John P. Dessereau’s Concrete Jungle Mini Series
Artist John P. Dessereau previews work from his forthcoming exhibit.
“Bird Freedom Fight”
John P. Dessereau, a 29-year-old native New Yorker is in a pivotal stage of his artistic career. His resumé features major clients like Southern Comfort and The Roots (artwork for 4th and 5th annual Roots Picnic), a dream for an independent contractor looking for exposure. This September Dessereau hosts a couple of events where he will advise and inspire. On Thursday September 13th, Dessereau opens a free exhibit. The following Monday, September 17th he gives a lecture titled Hustle Harder: Get Paid for Your Creativity. With age and wisdom, Dessereau who also deejays at the Gramercy Park Hotel and Rose Bar, spoke about what this turning point also means for his art. It’s deeper than collaborations.
Hustle Harder: Get Paid for Your Creativity
Monday September 17th
7PM – 8:45PM
$25 non-members / $20 members
John P. Dessereau – September Exhibition
Opening event: Thursday 9/13
7PM – 9PM
Free to public
The Yard – 33 Nassau Ave, Brooklyn, NY 11222
For more info about the event
Mass Appeal: What’s the name of this mini series?
John P Dessereau: I named the series Concrete Jungle.
What was your initial inspiration?
The overall inspiration was to create animal characters that dealt [with] complex human situations and themes. Like war, addiction, protest, aggression and suppression.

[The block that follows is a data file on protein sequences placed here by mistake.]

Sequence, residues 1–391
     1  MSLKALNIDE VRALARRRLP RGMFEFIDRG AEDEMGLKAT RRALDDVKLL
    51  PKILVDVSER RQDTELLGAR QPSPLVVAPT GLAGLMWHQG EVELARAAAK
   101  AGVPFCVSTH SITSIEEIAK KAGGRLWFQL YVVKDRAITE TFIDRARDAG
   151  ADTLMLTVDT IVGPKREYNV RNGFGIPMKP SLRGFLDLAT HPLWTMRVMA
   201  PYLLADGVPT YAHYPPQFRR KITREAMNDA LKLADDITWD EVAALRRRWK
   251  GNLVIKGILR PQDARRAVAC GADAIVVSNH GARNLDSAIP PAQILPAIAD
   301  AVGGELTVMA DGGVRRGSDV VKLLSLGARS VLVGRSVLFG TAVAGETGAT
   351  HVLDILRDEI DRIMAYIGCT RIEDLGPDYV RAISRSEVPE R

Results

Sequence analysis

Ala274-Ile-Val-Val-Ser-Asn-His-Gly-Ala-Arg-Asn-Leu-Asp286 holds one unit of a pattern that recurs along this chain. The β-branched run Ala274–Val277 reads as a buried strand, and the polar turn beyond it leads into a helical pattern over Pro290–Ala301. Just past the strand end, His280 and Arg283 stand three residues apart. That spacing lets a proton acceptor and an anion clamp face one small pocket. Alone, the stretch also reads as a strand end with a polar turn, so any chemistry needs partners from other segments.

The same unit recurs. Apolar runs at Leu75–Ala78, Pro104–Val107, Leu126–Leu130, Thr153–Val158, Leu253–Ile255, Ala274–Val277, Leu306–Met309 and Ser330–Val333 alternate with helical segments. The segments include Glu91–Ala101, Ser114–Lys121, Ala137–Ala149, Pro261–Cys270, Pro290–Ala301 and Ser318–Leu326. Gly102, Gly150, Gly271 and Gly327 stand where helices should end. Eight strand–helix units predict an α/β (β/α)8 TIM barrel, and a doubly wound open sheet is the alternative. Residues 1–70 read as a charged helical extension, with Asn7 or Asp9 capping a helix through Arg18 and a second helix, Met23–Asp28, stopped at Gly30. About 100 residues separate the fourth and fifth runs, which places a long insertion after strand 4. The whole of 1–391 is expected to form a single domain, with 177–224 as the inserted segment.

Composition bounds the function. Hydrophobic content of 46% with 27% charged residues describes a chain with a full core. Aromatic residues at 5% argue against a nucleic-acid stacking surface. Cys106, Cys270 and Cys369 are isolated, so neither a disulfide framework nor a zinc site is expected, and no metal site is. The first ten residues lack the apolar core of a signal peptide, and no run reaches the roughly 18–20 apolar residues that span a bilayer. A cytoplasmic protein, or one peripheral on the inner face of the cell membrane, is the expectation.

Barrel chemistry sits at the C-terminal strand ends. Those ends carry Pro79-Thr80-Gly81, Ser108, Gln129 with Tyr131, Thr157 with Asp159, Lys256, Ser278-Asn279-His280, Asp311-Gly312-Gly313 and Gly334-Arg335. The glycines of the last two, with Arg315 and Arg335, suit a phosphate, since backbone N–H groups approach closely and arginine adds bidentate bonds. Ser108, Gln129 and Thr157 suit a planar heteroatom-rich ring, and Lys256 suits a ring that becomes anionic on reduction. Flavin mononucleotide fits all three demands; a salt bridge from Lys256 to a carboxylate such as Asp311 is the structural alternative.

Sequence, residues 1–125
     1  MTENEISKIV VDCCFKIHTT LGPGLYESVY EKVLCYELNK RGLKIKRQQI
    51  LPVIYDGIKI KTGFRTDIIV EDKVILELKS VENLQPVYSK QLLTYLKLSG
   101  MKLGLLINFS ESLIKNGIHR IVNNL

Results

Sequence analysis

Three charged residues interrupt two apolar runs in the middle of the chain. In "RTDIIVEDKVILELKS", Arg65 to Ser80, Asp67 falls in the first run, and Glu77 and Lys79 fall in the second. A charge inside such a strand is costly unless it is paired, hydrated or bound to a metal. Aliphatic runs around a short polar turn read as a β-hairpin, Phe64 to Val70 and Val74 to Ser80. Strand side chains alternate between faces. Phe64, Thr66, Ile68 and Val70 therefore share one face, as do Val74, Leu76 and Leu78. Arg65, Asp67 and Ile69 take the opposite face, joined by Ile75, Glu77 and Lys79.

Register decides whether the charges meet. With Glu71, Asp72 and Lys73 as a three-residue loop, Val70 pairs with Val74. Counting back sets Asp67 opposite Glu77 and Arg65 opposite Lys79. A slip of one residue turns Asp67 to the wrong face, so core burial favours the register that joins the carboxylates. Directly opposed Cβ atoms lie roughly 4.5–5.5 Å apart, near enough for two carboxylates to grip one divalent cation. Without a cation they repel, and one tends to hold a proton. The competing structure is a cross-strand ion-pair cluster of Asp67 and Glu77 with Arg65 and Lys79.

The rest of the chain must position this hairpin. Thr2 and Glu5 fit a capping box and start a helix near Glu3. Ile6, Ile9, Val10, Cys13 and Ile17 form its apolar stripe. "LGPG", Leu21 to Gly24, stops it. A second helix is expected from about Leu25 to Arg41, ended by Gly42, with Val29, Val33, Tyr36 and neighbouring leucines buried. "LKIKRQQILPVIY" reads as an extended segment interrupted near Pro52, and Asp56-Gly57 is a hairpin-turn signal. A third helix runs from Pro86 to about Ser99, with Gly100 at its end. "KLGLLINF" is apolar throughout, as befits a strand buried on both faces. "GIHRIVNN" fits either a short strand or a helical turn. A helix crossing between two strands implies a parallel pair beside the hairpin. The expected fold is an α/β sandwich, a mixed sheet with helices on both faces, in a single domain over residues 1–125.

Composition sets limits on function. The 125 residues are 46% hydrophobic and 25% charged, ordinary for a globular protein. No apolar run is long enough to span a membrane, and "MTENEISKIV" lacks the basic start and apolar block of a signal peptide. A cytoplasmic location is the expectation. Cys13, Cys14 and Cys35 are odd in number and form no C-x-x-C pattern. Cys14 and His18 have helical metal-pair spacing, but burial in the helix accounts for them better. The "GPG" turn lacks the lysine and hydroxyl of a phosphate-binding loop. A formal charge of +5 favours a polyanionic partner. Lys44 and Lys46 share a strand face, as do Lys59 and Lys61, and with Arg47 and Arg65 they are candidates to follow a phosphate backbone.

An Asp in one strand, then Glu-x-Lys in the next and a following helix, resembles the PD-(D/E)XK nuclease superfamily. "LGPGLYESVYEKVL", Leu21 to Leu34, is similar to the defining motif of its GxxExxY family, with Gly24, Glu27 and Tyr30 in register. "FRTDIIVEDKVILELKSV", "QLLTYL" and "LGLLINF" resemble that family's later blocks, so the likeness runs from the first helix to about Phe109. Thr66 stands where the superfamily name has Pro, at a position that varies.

You were telling me that at first you set out to do six of these but decided to call at it three, how come?
The original plan was to make six of the square paintings. The second set of sketches did not have the same magic as the first so I called it at these three. I feel I’ve captured what I intended for Concrete Jungle. I am also shifting gears from creating paintings solely about geopolitics and current events to exploring my own psyche, human interaction, internal conflict and outside human interaction. I don’t want to just listen to the news and spit out art from what I hear. What I see, feel, hear and experience are becoming more important.
The biggest adversity creative people face today, may very well be, finding ways to get paid for their art. It can feel like the system and the public are almost rooting against one’s artistic endeavors and cheering for their conformity. Unlike many other professions, there is no set path for creative people. If it be visual art, music, dance, writing, acting, or photography the creative mind is usually always faced with two great tasks: making quality artwork and finding ways to profit from it. It can be done, and it must be done!